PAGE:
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Former NY Giants quarterback Eli Manning recruited into private equity

January 10, 2022, 4:27 PM UTC

Private equity firm Brand Velocity Partners has hired none other than Eli Manning as its new partner.

Yes, that Eli Manning. The two-time Super Bowl champion has proved himself to be a “savvy investor” and a “brand-builder” since leaving the New York Giants in 2019, BVP said in a statement this morning. Manning will be involved in all aspects of the private equity firm, including sourcing new investments.

Since retiring from his quarterback career, Manning has become rather active in the private markets—though, to be sure, he had already been investing in ventures prior. 

You may remember that several members of the Manning family backed BBQGuys, a grill e-commerce company, which was one of three different barbecue companies to announce plans to go public within the same month this past summer. (BBQGuys and SPAC Velocity Acquisition ultimately agreed to part ways in early November due to supply chain issues). Manning has also invested in nutrition research startup Zoe, teen banking app Step, and sleep-tracking device Whoop. He worked with his brother, Peyton, to launch a bourbon brand under the name Sweetens Cove. 

BBQGuys was Manning’s first stint with BVP, which had helped launch the retailer’s national advertising campaign—and largely with private equity. “I went through a Private Equity 101,” Manning told Bloomberg of sitting in on business meetings for about a year. “As I get more familiar, I’ll be able to have more intel and be more helpful with some of the deals that we’re deciding on.”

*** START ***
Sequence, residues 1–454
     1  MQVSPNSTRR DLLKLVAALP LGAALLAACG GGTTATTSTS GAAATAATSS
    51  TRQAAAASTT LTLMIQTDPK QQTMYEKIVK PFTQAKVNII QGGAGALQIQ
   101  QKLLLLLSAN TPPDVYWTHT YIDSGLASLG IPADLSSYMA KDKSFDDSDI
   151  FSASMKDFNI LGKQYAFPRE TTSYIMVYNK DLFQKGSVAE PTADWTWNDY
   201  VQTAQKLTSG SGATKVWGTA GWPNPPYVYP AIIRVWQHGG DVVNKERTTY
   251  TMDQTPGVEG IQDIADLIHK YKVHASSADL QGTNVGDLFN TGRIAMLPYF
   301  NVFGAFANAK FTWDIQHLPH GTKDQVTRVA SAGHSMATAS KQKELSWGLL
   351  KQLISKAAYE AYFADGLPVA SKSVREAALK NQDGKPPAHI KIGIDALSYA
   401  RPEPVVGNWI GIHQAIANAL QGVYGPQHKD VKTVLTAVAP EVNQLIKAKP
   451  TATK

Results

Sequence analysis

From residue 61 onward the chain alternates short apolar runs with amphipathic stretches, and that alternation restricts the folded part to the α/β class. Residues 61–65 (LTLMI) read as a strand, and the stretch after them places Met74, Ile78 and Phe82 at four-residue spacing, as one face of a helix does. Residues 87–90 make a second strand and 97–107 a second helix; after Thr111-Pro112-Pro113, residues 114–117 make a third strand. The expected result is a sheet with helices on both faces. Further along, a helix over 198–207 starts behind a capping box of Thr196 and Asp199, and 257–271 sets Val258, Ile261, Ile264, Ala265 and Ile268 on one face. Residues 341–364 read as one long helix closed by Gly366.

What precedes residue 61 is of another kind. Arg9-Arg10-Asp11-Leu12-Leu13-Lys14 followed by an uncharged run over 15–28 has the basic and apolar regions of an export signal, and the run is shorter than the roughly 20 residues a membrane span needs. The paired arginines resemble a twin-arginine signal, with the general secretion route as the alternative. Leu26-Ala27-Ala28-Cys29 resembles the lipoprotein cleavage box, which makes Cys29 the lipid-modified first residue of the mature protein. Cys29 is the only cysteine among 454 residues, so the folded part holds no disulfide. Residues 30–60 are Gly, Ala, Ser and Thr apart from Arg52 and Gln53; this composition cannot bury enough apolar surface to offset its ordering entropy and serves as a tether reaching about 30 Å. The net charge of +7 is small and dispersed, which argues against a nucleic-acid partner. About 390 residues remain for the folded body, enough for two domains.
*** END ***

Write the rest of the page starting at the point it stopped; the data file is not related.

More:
It’s not the first time a private equity or venture capital group has brought an athlete into the fold—although pro players appear more likely to start their own firms. Kevin Durant of the Brooklyn Nets, for instance, has Thirty5 Ventures, which invested in Robinhood. 

Hold up, startups: If unicorns were under the impression they would be prancing around in open fields for a while, it’s time to rethink that. The SEC is reportedly planning to require more transparency from the private market, according to a new report from the Wall Street Journal. Read: more routine financial and operational disclosures. The regulator is also weighing whether it should further restrict the qualifications for investors to invest in private companies. This could have big implications on the private markets, with more and more companies opting to stay private for longer these days. Startups have historically been able to operate largely behind closed doors until a public debut. 

See you tomorrow,

Jessica Mathews
Twitter: @jessicakmathews


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